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Rules Enforced by TV

Editor's note: Ray Herzog, a rules expert from the San Diego Golf Academy in Orlando, Fla., will be presiding over cases presented by you the reader. Please submit your on-course dispute and let Rules Judge Ray settle it.
Case presented by Jerry Pentin:
Dear Judge,
In a High School match last year, during the NCS championships, one of our young lady competitors asked her opponent to 'tend the flag'. The opponent agreed. Our golfer hit her putt but the opponent failed to pull the flag. Our golfer was accessed a two stroke penalty. Ultimately this penalty, when added to our team score, pushed us from third to fourth and the team missed out on a chance to advance to the NorCal championships. So my question is, (I do know the USGA rules on this now...) how can you be penalized when you have a oral agreement with the opponent to 'tend the flag.' Once agreed you have no defense to being penalized. Proving intent on the opponent's action is fairly unreasonable. Seems to me being penalized for an opponent's lack of sportsmanship is really unfair.

I cant agree with you more. For a player to receive a penalty because of a lack of sportsmanship is really unfair. One of the factors a rules official will use in determining a ruling is the intent of the player. In this case, if the player purposely left the flagstick in the hole, I dont think they will admit doing it on purpose. They have no morals so I am sure they will keep on lying. I would ask the player two questions to try to prove her intent:
1. Were you paying attention, did you see the putt heading for the hole?
2. Did the flagstick get stuck in the hole?
If they were not paying attention, or the flagstick got stuck, it is still a penalty on the player putting. Decision 17-3/2 covers this exact situation. If I could somehow prove the player attending the flagstick did not remove it on purpose, I could DQ the player for a serious breach of Rule 1-2. But you are absolutely correct, proving intent is fairly unreasonable in certain situations. Sorry your team had to lose out because of someone purposely breaking the rules.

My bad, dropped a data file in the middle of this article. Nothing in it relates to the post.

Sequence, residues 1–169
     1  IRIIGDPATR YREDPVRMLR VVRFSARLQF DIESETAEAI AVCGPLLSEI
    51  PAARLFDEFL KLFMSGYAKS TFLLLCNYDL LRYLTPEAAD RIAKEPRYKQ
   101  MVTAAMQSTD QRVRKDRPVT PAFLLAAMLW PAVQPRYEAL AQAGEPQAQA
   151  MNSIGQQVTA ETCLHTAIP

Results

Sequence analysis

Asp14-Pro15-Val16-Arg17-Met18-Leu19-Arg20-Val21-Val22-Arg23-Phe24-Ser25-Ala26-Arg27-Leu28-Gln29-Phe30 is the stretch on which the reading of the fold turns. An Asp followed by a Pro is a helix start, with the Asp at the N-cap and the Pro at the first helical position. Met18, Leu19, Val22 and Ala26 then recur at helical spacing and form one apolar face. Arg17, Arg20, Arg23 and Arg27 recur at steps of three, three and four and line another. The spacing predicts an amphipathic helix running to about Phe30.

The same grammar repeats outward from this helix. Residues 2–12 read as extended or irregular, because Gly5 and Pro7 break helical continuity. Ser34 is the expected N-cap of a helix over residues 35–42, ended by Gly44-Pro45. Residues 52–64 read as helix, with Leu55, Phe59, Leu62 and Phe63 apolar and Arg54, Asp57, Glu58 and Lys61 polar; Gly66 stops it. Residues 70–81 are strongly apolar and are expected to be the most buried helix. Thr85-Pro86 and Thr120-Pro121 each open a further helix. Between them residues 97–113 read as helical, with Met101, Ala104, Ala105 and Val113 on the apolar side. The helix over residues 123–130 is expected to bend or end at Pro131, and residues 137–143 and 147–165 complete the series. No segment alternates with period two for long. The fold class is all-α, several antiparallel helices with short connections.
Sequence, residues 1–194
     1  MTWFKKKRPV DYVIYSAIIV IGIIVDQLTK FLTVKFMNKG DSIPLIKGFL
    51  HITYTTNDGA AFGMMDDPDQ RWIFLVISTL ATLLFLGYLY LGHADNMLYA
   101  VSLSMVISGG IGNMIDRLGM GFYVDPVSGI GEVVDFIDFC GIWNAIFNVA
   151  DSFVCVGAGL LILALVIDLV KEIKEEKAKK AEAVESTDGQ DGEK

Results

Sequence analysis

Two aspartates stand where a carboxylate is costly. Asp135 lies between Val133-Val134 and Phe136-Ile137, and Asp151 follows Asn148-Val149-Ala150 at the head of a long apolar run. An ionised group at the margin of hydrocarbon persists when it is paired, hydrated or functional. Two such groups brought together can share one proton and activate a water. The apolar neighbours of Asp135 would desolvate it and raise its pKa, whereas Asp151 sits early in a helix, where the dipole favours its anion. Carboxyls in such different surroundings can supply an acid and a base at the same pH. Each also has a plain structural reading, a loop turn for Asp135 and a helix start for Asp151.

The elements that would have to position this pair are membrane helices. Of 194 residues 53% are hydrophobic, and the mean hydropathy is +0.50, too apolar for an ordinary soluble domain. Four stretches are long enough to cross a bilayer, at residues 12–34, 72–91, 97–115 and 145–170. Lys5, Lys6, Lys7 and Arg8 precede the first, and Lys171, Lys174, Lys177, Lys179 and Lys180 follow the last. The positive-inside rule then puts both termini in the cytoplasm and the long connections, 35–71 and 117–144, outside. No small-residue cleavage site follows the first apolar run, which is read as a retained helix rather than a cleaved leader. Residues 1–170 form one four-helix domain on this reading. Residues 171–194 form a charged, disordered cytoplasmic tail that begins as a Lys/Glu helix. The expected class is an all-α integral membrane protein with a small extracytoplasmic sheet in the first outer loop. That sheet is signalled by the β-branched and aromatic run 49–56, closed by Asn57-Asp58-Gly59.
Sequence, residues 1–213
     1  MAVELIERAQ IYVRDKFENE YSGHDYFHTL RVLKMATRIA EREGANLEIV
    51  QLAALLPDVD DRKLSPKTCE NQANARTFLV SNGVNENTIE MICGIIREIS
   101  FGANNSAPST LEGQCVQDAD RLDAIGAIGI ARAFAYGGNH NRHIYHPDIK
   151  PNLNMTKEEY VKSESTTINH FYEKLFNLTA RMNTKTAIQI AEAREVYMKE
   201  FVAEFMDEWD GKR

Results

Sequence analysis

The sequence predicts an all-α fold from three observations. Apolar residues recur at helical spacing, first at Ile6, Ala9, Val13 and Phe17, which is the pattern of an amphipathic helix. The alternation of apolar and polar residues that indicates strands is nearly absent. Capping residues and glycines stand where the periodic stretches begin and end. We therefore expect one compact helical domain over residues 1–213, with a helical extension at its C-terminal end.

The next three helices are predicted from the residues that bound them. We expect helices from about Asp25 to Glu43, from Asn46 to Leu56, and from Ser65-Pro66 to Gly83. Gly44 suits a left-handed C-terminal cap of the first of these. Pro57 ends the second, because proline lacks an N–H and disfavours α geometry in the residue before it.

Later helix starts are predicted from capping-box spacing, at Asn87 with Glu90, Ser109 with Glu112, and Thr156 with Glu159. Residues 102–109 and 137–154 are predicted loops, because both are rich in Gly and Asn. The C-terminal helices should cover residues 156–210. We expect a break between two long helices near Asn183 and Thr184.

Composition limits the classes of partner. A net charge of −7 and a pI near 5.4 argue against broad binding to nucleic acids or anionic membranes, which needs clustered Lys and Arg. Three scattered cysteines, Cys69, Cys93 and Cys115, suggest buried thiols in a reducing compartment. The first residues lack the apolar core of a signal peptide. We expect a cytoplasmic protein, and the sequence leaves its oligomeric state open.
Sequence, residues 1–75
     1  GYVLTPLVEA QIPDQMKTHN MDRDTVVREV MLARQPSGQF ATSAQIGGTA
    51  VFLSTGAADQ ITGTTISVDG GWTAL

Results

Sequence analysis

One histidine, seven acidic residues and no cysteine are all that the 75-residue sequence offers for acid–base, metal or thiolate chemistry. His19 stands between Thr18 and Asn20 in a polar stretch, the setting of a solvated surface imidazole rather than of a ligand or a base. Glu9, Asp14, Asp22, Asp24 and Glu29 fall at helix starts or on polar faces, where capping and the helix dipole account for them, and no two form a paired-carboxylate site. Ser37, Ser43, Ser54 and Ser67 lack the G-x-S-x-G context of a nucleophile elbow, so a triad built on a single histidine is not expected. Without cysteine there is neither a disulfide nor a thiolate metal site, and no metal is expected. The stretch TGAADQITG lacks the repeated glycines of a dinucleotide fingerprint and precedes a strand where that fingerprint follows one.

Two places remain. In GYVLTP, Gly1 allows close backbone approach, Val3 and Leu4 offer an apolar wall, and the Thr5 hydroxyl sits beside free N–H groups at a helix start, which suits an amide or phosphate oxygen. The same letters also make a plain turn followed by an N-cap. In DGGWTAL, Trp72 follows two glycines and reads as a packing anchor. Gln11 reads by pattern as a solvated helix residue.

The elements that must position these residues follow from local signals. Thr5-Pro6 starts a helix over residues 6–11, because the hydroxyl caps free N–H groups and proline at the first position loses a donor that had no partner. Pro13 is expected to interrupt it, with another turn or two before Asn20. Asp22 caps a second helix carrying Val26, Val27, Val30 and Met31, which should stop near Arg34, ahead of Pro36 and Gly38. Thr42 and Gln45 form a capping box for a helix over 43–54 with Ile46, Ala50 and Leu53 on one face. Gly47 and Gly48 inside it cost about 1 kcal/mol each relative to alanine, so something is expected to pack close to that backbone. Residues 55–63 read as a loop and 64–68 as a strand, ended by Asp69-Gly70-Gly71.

-- Ray
Bonus question from Robert
Suzann Pettersen is the latest victim of TV. She was penalized two strokes when her ball was deemed to have moved before playing a shot in the second round of the LPGA event. She didnt see it move. Her caddie didnt see it move. Even a rules official standing there didnt see it move. Yet you could see it move slightly on TV. Whats your take on this? Should TV affect/enforce the rules?
Something like this happens every couple months to get everyone in a tizzy. First it was Craig Stadler kneeling on the towel; last year it was Michelle Wie dropping closer to the hole; and this past week it was Suzann Pettersens ball moving. The good thing for Suzann was the broadcasters could see it right away. The ball clearly moved. The officials had an opportunity to review the incident with her before she signed an incorrect scorecard. She received a two-stroke penalty rather than getting disqualified like Stadler and Wie. Having millions of people watching the broadcasts is basically golfs version of the instant replay. The only problem is not every shot is broadcasted and that is unfair to leaders who have every shot aired.
But the real problem is, if the three people standing right there did not see the ball move why should the players get penalized because of someone calling in a penalty. The easy answer is found under the definition of referee. The book states, a referee is one who is appointed by the Committee to accompany players to decide questions of fact and apply the Rules. He must act on any breach of a Rule that he observes or is reported to him. The key words in the definition are must act and is reported to him. The rule book does not state who is reporting the infraction. So when they hear about or see an infraction they must act on it.
It might not be the best system, but they are abiding by the rule book. Is a rules infraction going to be televised during your Club Championship, probably not. But what is the difference between seeing it on TV and applying the penalty or having three fellow competitors describing the incident and applying the penalty. At least the infraction on TV is on tape.
-- Ray
Email your on-course rules dispute to Rules Judge Ray